The Necessity of Random Encounters in D&D

The author goes on to list what he sees as the advantages and disadvantages of random encounters, but quite remarkably to my mind never actually mentions the real purposes of random encounters in terms of setting and game design.  So he lists Pros as being things like killing off annoying characters or filling time, and the Cons as serving no story purpose or throwing the wealth per level guidelines out of whack (and I need to rant about that some day).   No mention at all is made of anything relating to the setting, or verisimilitude, or even resource management.

The post seems to ignore the two most important features of random encounters: naturalism, and husbanding resources.  They’re the GM’s chief tool in presenting the setting as a world that actually contains stuff that isn’t there for the sole purpose of being part of the PCs story, and they are the game system’s primary reason the players can’t completely optimize their resources (particularly daily powers in D&D)–the chance of such an encounter is why players have to keep something in reserve.

(I’d like to get a bit of definition out of the way: by random encounters I mean any encounter that isn’t determined by story needs or the PCs’ direct actions.  It doesn’t necessarily literally have to have come about by rolling dice on a table, though that’s certainly an option, but it’s something that isn’t required as a plot-point of the story or because the PCs have decided to seek out, say, the chief of the palace guard and have an encounter with him.)

Naturalism is important, in my opinion, even if you’re running a story-oriented sort of game.  If the setting contains no features at all that aren’t independent of the needs of the story, then the world will lack all verisimilitude and feel flat and lifeless…if it doesn’t degenerate into parody.  The central joke of Knights of the Dinner Table, after all, is that the GM is stuck with three players out of four who refuse to see the world as containing any features that aren’t clues, prizes, antagonists or (rarely) allies.  If there’s a cow, it must be a magic cow and they capture it and drag it along; if there’s a gazebo it’s a hostile encounter.  But if you don’t have random encounters, then the players will be absolutely right in assuming that if the GM bothers to mention it, it must be significant.  The world will lack any depth.  This, btw, is the curse of many of the graphically intensive computer RPGs…players correctly assume that if something can be interacted with on-screen it must be significant, because the programming and art resources won’t be wasted on mere flavor.  But if the setting contains random encounters, and the players are aware of it, they are thrust in the much more realistic position of no longer knowing whether something they run into is there by chance or design.  They have to reason about the logic within the gameworld instead of logic about the story, which I think is not only much more satisfying, but makes for better stories.  If the players can correctly reason that the vizier is secretly the bad-guy, because viziers are always the bad-guys and besides, he has a goatee, the resulting story only works as a comedy.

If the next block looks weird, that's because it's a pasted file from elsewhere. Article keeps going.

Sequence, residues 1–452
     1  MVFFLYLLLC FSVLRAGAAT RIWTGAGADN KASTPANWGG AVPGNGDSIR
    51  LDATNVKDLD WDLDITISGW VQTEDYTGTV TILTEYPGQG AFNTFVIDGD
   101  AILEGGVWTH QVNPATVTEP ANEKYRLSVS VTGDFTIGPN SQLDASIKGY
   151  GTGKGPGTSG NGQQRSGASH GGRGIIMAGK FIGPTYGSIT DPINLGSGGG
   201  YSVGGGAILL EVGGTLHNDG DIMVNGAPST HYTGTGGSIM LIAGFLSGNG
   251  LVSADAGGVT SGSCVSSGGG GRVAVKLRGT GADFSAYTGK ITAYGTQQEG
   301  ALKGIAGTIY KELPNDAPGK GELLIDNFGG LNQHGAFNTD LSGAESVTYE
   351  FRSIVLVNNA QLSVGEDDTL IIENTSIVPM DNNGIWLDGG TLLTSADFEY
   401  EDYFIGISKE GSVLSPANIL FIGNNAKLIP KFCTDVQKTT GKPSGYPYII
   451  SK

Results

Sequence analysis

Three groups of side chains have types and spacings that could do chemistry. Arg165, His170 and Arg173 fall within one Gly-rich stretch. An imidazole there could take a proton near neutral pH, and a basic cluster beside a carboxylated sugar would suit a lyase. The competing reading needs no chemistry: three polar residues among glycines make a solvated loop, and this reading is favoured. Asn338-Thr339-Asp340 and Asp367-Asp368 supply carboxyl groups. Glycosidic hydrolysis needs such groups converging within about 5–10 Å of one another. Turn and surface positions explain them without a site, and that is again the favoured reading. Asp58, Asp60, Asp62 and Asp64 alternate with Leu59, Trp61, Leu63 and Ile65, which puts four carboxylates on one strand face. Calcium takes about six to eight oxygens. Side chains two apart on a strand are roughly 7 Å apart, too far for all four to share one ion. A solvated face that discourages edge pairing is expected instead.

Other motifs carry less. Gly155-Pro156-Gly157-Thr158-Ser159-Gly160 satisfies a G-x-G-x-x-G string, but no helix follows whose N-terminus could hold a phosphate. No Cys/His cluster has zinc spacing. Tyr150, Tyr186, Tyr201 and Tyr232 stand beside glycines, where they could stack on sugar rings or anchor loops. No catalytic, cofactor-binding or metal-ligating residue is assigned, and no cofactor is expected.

While naturalism is valuable for pretty much any kind of system, resource management is peculiar to certain kinds of systems and settings…but is a particularly important part of D&D and its progeny.  If you have a system where resources are defined in terms of their availability per day, per encounter, etc, and are replenished by rest (rather than, say, going back to the store and buying more ammo) then it’s an essential part of the design that the players have to consider whether they’re likely to have to call on those resources at times not of their own choosing.  The random encounter is what balances the X times a day abilities against those that can be used continuously (such as swinging a sword).  If you take it away, either you have to add time pressure to every scenario (which can be quite a strain on verisimilitude) or you have to ramp everything up (or scale the resources back) to match the assumption that the party will always have its full resources and be willing to expend them all.

You could think that it needn’t truly be random, and that as GM you can just devise the encounters just so to make the party expend resources at precisely the right pace, but IMO you’d be wrong.  You’d be wrong because the players aren’t stupid, and they know the game, and they know that as GM you have infinite resources to throw against them, so they will reason that if you hit them with something when they’re particularly low on resources it’s because you’ve chosen to be unfair.  Which is true.  Without randomness whatever you do to them you’ve explicitly chosen to do.  But that means unless you’re willing to be a jerk and kill them just because you can (and good luck getting people to play with you once you’ve established that reputation), you had better not hit them with anything challenging when they’re low on resources–unless you’re also willing to cheat like mad so they come out on top despite it.  But if they know you won’t do that then they’ll be all the more likely to spend all the resources they’ve got and then turtle.